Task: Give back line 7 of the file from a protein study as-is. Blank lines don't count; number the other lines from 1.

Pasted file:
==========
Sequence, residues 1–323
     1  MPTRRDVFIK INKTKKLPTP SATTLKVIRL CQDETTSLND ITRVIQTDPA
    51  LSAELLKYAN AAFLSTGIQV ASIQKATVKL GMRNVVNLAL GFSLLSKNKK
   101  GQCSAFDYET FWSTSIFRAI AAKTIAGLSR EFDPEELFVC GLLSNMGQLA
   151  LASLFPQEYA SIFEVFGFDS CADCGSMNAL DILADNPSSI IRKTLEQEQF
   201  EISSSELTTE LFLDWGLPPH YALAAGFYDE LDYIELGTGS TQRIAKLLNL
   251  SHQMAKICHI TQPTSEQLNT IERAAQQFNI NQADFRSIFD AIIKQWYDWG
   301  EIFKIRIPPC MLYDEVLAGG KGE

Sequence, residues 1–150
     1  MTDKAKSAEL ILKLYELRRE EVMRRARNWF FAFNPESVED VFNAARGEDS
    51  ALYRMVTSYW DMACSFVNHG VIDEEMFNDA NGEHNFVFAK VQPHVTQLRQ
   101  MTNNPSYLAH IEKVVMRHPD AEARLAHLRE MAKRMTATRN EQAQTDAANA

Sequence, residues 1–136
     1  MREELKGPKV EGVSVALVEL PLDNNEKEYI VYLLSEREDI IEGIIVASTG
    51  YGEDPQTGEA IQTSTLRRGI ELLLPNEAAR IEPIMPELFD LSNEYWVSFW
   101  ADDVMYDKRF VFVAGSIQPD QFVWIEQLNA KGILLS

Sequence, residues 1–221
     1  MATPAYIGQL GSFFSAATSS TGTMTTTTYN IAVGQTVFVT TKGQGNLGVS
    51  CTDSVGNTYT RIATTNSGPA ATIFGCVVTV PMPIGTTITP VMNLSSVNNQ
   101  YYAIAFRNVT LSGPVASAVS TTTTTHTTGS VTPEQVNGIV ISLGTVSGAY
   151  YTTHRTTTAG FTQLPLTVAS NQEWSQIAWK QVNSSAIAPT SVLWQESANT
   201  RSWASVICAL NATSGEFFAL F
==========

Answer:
   251  SHQMAKICHI TQPTSEQLNT IERAAQQFNI NQADFRSIFD AIIKQWYDWG